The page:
While life insurance can be a great asset for grieving family members, a number of people have attempted to fraudulently collect on their policies, often with hilariously disastrous results. How many cases of life insurance fraud have been attempted over time we may never know. But there are many instances where such plans have gone horribly wrong. Check out these bizarre examples of life insurance fraud, none of which turned out quite as planned.
The 10 Most Bizarre Cases of Life Insurance Fraud
1. The fiery life insurance that burst into flames
Molly and Clayton Daniels were a humble Texas couple before hatching a plan to cash in on Clayton’s $110,000 life insurance policy. But why bother dying when you can just use a spare instead? In fact, it wasn’t long before Molly told the insurance company that Clayton had died in a serious car accident.
Things seemed to be going relatively smoothly until authorities discovered that Clayton’s “body” was actually that of an 81-year-old woman that the couple had dug up in a nearby cemetery. Luckily, Clayton’s mortality wasn’t hard to confirm as Molly had recently introduced her 4-year-old son to her new ‘boyfriend’, who looked suspiciously like Clayton with dyed black hair.
2. “Iron” Mike Malloy: The guy who wouldn’t die
One of the most bizarre cases of life insurance fraud dates back to 1932 when speakeasy owner Tony Marino hatched a scheme involving an old drunk named Michael Malloy. The conspirators, later dubbed the “Murder Trust” by the press, managed to obtain three different life insurance policies for Malloy, which they intended to redeem after hastening his untimely death.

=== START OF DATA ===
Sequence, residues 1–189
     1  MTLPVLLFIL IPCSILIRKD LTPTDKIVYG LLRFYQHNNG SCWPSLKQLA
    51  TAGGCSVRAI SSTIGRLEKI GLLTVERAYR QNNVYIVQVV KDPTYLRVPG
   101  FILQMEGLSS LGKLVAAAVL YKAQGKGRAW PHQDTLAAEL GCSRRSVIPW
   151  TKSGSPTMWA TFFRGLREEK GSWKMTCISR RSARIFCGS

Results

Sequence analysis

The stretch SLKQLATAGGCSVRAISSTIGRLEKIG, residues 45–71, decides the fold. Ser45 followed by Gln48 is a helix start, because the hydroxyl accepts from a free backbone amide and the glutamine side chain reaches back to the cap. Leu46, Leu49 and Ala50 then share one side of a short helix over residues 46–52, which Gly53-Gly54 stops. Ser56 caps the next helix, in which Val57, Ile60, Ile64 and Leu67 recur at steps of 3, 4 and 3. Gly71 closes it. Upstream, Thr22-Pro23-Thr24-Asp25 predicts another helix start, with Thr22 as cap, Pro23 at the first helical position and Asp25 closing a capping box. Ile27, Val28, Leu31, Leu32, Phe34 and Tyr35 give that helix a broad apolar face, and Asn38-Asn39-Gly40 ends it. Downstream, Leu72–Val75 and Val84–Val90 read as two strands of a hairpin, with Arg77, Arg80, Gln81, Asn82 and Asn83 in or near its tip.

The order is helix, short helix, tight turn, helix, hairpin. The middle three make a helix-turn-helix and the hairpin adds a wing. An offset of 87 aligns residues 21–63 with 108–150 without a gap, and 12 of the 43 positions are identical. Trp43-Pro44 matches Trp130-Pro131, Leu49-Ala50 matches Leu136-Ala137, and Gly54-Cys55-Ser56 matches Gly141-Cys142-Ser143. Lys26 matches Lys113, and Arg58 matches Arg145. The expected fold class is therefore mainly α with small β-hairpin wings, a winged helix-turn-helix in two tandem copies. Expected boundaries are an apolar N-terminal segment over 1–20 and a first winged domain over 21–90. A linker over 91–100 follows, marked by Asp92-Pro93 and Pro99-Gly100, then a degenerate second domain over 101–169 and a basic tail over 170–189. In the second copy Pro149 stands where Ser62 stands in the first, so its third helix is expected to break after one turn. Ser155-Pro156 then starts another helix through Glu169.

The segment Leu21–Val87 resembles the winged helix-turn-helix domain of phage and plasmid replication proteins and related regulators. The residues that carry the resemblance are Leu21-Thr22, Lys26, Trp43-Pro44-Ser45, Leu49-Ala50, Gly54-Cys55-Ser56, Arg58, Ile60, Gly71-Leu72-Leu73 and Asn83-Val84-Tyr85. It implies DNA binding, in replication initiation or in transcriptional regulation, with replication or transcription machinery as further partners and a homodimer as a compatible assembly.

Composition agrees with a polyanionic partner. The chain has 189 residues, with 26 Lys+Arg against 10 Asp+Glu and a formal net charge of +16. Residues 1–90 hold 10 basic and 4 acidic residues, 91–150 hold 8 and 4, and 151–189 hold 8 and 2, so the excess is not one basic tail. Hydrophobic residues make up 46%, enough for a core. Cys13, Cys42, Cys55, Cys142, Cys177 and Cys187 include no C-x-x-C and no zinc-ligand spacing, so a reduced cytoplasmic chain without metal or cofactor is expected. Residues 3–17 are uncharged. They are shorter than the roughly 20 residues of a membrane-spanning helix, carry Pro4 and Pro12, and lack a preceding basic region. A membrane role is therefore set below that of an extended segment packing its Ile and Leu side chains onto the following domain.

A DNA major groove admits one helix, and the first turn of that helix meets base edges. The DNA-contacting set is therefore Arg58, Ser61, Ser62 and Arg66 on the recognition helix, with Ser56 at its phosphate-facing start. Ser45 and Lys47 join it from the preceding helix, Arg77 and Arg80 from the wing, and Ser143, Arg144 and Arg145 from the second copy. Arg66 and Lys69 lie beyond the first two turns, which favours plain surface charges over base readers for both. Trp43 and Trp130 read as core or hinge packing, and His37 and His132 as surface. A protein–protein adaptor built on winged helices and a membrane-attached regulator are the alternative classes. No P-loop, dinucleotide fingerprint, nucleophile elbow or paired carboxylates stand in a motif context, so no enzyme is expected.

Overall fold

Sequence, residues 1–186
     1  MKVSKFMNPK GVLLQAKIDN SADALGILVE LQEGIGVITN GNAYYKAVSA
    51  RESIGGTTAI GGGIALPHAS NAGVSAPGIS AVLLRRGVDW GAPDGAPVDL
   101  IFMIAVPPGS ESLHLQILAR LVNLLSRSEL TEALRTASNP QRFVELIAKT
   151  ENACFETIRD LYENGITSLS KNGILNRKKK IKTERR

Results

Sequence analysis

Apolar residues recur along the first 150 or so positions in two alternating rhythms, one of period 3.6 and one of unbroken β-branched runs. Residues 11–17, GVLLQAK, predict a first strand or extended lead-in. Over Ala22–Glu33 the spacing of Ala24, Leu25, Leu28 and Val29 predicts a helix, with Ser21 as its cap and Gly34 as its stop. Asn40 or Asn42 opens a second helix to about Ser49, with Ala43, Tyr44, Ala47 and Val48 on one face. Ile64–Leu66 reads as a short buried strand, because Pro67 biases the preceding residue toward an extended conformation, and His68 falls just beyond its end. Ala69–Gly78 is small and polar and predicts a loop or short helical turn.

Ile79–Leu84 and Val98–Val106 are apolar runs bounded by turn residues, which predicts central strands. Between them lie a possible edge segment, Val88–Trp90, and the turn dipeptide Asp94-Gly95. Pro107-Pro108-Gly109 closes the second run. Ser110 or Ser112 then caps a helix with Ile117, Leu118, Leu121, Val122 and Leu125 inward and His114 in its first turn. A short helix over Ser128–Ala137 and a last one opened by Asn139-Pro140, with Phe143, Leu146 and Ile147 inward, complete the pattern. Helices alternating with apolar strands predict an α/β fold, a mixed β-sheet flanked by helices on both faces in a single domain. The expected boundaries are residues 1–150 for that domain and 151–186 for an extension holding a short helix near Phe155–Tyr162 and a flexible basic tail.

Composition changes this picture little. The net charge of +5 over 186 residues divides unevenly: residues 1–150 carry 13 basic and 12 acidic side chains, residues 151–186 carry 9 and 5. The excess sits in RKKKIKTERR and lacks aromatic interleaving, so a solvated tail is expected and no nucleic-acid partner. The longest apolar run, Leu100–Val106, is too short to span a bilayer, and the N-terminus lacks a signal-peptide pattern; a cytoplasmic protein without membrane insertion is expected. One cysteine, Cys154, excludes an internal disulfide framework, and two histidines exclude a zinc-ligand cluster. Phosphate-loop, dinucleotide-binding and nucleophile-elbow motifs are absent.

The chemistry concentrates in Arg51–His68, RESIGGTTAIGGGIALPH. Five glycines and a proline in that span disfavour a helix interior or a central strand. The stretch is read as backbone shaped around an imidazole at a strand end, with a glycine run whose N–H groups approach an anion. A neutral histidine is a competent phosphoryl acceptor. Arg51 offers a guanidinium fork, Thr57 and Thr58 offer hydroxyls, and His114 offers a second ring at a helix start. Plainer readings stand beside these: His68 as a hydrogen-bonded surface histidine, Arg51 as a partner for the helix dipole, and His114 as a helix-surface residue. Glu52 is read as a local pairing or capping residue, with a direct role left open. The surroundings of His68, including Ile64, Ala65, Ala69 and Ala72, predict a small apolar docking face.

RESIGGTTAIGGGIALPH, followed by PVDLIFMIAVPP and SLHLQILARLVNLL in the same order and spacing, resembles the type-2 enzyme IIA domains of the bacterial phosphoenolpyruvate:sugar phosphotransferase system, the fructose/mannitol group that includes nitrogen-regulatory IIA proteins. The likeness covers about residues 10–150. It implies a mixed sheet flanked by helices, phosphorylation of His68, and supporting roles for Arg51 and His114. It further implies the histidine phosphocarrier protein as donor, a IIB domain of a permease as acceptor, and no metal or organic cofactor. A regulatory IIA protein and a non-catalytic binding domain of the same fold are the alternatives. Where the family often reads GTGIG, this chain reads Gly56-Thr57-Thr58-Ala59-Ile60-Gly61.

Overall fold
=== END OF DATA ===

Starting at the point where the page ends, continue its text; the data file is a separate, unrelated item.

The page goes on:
But it turned out that Mike was made of tougher stuff than they realised. Over the next few months, the conspirators tried countless times to poison Malloy, freeze him to death, and even run him over with a car, all to no avail. It took a full seven months for the men to finally lead Mike to the afterlife, only to uncover their plan shortly thereafter. In the end, they were all rewarded for their efforts with a trip to Sing Sing’s electric chair.
3. The caper of the crazy cabbage truck
In 2009, a Brit named Anthony McErlean decided to make money on his own £520,000 life insurance. He went on to come up with a wild story in which he was tragically run over and killed by a cabbage truck while traveling abroad in Honduras.
He then posed as his wife to collect the debt, only to watch his scheme work when his own fingerprints were found on his death certificate. Oops!
4. The dangers of dead driving
Many bizarre cases of life insurance fraud depend on an accomplice, including 22-year-old Jonathan Roth. In July 2012, he called 911 to report that his father, Raymond Roth, had been lost while swimming in the waters of Long Island’s Jones Beach.
After a massive air and sea rescue mission turned up no leads on the elder Roth, he was presumed dead and released his son to cash in on his $410,000 life insurance policy. Unfortunately, Raymond’s brilliant plan fell through when he was pulled over for speeding, still very much alive and well.